As Uber Technologies is about to make its first sale of stock to the public on Friday, app drivers in 10 major U.S. and some international cities went on strike drawing attention to unfair pay, working conditions, and job insecurity.
In New York City, Uber and Lyft drivers logged off between 7 AM and 9 AM and rallied outside the headquarters of Uber and Lyft in Long Island City at 1 PM in support of their colleagues.
While Uber’s IPO is already projected to be one of the largest in history, the future of its drivers looks bleaker. Even though the minimum pay rate for New York City’s app-based drivers went up to around $17 (after expenses) in January, drivers are still faced with unfair account deactivations and job insecurity and demand an end to unexpected expulsions and the right to fight the unfair tactic in court.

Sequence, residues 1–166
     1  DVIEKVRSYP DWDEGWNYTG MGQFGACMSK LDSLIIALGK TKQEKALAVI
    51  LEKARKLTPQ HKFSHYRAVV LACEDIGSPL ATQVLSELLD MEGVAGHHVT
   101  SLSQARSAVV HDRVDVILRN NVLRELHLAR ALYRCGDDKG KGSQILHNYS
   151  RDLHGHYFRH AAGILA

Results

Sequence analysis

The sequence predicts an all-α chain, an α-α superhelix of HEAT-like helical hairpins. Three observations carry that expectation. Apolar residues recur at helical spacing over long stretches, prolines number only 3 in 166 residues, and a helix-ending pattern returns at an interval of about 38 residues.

Drivers report that Uber arbitrarily deactivates them without prior notice or providing a reason. Varinder Kumar, NYTWA member, Lyft and Juno driver, and former Uber driver, “Uber deactivated me five months ago without any reason. I went to the Uber office a few times, and they refused to tell me why I was deactivated. I’ve been a professional driver in New York City since 1992, and I have never once gotten a traffic ticket or been in a car accident.”
Sonam Lama, NYTWA member and Uber driver since 2015 said, “I’m striking for my kid’s future. But it’s becoming harder and harder. First Uber cut the rates; then they put too many cars on the roads, so there weren’t enough fares to go around. In the IPO filing, Uber said drivers would only get more dissatisfied because they plan to cut our pay and stop incentives. We don’t want our wages to stay just minimum. We want Uber to answer to us, not to investors. Uber executives are getting rich off of our work; they should treat us with respect. We are striking to send a message that drivers will keep rising up.”